So, after such knowledge what forgiveness for the existing English-teaching curriculum in Yemen? But Sahu traverses the well-worn trail which the ELT empire has failed to blaze with its theorizations alone. However, periodic stock-taking of teaching programs for professional turn-on should not be mistaken for nit-picking. And Sahu’s concerns are well-founded, though to many of his colleagues he might seem to be carrying coals to Newcastle. The curriculum contours outlined by him considered amidst essential feasibility factors do not add up to a paradigm shift in English-teaching. Nevertheless, they should be taken as a raft of new challenges without inverting the existing trajectory of ELT curriculum. That alone is its USP (Unique Selling Point).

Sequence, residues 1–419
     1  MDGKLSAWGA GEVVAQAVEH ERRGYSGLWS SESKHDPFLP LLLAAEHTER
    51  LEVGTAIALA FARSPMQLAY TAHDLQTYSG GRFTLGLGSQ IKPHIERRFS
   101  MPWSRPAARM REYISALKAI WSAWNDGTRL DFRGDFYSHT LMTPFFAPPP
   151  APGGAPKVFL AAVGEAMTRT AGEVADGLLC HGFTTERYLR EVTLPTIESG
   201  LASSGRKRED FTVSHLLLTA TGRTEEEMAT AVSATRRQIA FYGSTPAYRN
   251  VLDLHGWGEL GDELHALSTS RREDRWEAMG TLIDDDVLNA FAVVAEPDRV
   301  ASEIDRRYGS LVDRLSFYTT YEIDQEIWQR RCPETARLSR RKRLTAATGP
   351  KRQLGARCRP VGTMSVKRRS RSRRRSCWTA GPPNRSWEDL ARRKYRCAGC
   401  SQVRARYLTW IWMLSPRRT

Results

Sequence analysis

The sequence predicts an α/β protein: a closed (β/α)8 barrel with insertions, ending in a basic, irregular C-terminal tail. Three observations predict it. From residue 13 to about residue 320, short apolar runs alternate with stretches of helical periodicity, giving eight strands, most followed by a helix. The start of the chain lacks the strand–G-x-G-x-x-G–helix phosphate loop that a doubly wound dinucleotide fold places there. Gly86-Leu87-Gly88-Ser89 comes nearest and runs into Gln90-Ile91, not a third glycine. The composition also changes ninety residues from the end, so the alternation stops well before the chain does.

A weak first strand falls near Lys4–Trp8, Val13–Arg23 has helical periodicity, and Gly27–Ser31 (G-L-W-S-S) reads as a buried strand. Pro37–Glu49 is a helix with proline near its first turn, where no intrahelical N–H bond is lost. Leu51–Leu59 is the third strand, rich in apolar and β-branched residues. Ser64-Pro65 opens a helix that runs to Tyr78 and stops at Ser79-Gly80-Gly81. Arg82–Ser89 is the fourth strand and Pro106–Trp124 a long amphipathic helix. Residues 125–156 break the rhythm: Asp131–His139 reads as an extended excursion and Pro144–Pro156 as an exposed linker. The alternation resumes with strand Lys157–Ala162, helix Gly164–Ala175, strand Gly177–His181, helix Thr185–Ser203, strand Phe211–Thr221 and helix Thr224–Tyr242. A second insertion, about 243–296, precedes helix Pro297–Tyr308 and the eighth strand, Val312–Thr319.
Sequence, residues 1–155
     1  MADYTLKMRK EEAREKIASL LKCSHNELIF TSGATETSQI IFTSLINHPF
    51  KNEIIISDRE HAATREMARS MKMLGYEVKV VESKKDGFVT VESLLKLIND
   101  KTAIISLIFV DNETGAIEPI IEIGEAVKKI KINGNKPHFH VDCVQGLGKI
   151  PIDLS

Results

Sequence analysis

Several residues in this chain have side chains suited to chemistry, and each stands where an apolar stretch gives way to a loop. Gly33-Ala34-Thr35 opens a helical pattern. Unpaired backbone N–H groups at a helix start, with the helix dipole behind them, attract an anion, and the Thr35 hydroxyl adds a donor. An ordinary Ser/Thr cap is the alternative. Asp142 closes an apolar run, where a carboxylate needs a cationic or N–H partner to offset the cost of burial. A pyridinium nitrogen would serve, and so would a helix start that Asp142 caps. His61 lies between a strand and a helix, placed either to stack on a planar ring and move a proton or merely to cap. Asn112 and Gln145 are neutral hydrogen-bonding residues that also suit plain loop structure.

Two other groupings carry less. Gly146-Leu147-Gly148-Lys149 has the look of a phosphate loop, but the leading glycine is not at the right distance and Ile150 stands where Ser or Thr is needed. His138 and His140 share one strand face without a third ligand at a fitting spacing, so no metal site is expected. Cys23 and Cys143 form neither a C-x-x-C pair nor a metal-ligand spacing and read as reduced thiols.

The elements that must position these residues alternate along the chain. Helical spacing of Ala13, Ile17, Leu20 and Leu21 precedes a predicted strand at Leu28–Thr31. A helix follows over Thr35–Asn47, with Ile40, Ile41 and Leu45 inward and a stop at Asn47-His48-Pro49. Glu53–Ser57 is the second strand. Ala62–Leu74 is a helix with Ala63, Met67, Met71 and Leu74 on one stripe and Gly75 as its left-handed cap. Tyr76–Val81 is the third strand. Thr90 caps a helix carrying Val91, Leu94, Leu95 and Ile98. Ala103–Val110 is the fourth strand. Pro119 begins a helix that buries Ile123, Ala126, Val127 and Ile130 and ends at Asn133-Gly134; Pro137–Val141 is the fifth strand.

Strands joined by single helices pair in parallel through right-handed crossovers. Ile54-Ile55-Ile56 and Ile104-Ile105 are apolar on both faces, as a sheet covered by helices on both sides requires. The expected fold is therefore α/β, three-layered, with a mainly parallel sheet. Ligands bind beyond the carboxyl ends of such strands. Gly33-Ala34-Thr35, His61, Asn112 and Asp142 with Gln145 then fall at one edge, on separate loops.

The aims, methods and materials of language teaching depend on the socio-linguistic status underpinned by institutional support and functional load of the target language. Since Yemen stepped into the education sunlight only in the seventies, linguistic gestation of English among generation of learners is still awaited. Mere tinkering with curriculum won’t hasten the pace of learning.